And lastly, can you rely that it will not risk your safety and the safety of those around you?

These attributes collectively define your overall battery experience; not one of them, but all of them together.

To last you a full day, the battery must have plenty of charge capacity, i.e., a lot of mAh. This is equal to a range between 3,000 to 3,500 mAh for today’s crop of smartphones. Anything more than that will make the smartphone unwieldy or too thick. To fit a 3,000 mAh battery in the small physical space inside a smartphone means high energy density. Today’s state of the art is near 650 Wh/l operating at a maximum voltage of 4.4 V. That’s the first headache already. At this high voltage and high energy density, the battery is really not happy and needs a lot of caring. I mean a lot of caring!

Fast charging the battery amplifies all the concerns of high voltage and high energy density, and makes them a lot worse. And if you have to charge more than once a day, well, this battery will need even more caring.

High energy density, high voltage and fast charging together are the factors that make the battery fail before two years, and risk making your battery unsafe.

Therein lies the challenge. How do we care for the battery ? and why has this required level of care become so much more sophisticated than ever before ?


As the old adage goes, “You can’t fix what you can’t measure.”

This leads to an important and critical new concept for batteries: Measuring what is happening within the battery, all the time, in real time, and then deciding what to do. By “within” I mean the “chemistry” that is taking place inside the battery…the stuff that you don’t see. This is called, in engineering terms, closed-loop feedback. Engineers know it, study it, and use it in countless situations.

Qnovo’s software adapts to your smartphone a measurement technique widely used in battery laboratories. It is called electrochemical impedance spectroscopy (abbreviated as EIS). It helps our scientists understand what happens inside the battery without destroying it. Qnovo’s innovation is in implementing EIS in your smartphone so that it is always monitoring your battery’s internal chemical processes.

We announced earlier this year that the Qualcomm® Snapdragon 835 that powers the LG V30 includes hardware that accelerates Qnovo’s algorithms. Indeed, the additional hardware in the Qualcomm Snapdragon 835 chipset extends the utility of EIS inside the smartphone. The hardware in this new chipset enables measurements and frequencies that were not available in older chipsets. Qnovo’s QNI software takes advantage of this new hardware to gain deeper insight into the battery, again all in real time.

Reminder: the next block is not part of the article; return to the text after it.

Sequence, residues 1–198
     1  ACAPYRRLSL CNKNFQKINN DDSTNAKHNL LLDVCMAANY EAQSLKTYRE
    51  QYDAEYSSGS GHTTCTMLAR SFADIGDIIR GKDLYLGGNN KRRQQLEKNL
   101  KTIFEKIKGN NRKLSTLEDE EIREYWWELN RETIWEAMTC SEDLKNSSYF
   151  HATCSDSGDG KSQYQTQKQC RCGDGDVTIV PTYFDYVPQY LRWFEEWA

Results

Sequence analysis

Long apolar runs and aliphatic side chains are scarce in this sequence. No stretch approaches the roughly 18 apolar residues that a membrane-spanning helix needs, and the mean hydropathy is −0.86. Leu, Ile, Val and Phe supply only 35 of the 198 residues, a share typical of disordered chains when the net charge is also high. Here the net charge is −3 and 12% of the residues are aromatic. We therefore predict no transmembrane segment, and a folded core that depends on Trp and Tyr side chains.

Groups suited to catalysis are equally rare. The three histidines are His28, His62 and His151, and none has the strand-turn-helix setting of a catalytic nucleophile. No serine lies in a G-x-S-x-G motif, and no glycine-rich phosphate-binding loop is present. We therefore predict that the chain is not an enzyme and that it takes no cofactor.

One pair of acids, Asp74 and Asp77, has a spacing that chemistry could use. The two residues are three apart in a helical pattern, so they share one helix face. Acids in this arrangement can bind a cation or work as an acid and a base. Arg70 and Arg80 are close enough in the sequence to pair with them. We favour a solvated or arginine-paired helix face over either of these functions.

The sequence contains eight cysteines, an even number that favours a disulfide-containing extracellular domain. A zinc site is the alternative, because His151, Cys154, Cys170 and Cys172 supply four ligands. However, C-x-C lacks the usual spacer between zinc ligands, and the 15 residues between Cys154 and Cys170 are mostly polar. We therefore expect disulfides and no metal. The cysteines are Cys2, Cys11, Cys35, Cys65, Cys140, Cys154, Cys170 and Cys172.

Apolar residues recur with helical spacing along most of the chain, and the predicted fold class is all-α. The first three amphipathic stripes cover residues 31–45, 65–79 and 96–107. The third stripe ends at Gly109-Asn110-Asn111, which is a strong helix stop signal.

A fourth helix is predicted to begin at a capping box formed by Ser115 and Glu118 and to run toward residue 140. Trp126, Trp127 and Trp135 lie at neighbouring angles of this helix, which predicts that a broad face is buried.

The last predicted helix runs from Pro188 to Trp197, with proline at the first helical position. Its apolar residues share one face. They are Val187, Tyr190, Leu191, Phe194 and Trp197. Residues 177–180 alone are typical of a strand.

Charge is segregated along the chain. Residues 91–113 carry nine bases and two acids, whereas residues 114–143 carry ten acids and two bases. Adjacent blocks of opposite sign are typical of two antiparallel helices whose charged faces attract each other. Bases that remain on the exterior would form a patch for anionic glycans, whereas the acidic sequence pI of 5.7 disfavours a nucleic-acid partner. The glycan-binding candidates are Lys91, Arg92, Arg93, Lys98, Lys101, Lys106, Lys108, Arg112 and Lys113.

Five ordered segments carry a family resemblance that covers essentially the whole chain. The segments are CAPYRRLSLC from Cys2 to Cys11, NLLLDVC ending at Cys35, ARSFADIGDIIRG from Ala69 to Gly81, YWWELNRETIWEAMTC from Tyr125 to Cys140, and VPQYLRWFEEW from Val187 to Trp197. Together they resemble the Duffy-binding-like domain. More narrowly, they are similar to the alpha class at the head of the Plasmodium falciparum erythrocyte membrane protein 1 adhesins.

Now we get to the second portion of closed loop: What to do after making a measurement. As it turns out, and we thank science for that, charging the battery is a powerful knob to alter and affect what happens inside the battery. Qnovo’s adaptive charging takes the information from the EIS measurement, and then adjusts the charging current to reduce and mitigate possible harmful reactions detected during previous measurements.

With QNI, this “closed loop” happens a lot faster than its sister software product, QNS. As a result, it is able to detect more potential problems and react appropriately. Throughout a single charge, QNS makes approximately 200 measurements on the battery, whereas QNI makes close to 20,000 measurements.

Over the past years, we have collected a gigantic database of measurements on batteries from the vast majority of battery manufacturers. We have tested large quantities of batteries under diverse and extreme conditions. This knowledge allows Qnovo to train our algorithms to make them more efficient and more accurate especially as battery materials continue to evolve.


The skeptic might ask, “Great, but how does it help me, the end user?”

The most important benefit that the user derives is the health of the battery. You get a healthy battery AND more capacity AND fast charging…in other words, the consumer gets a great battery experience encompassing the attributes mentioned at the beginning of this post.

You, the consumer, do not have to worry whether your usage might hurt the battery. You don’t have to worry about fast charging because it might damage the battery. You don’t have to worry about charging to less than full because it helps the battery’s longevity. None of these should be your concerns and none should keep you thinking about the battery. Qnovo’s adaptive charging takes care of these battery issues in the background, and gives you a healthy battery with the best user experience.

So, if you are in the market for a new smartphone, do consider an LG V30 and do enjoy its battery experience.